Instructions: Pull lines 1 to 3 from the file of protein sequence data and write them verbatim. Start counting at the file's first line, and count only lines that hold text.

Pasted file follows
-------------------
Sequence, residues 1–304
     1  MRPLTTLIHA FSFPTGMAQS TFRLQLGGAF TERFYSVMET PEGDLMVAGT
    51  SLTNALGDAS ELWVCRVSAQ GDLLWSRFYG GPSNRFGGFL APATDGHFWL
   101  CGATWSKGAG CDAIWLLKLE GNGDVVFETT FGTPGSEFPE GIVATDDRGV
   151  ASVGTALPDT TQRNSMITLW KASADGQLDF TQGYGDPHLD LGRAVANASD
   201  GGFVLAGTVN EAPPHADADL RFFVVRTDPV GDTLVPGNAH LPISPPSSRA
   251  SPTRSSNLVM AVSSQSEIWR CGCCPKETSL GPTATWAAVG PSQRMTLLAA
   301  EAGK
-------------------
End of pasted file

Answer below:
Sequence, residues 1–304
     1  MRPLTTLIHA FSFPTGMAQS TFRLQLGGAF TERFYSVMET PEGDLMVAGT
    51  SLTNALGDAS ELWVCRVSAQ GDLLWSRFYG GPSNRFGGFL APATDGHFWL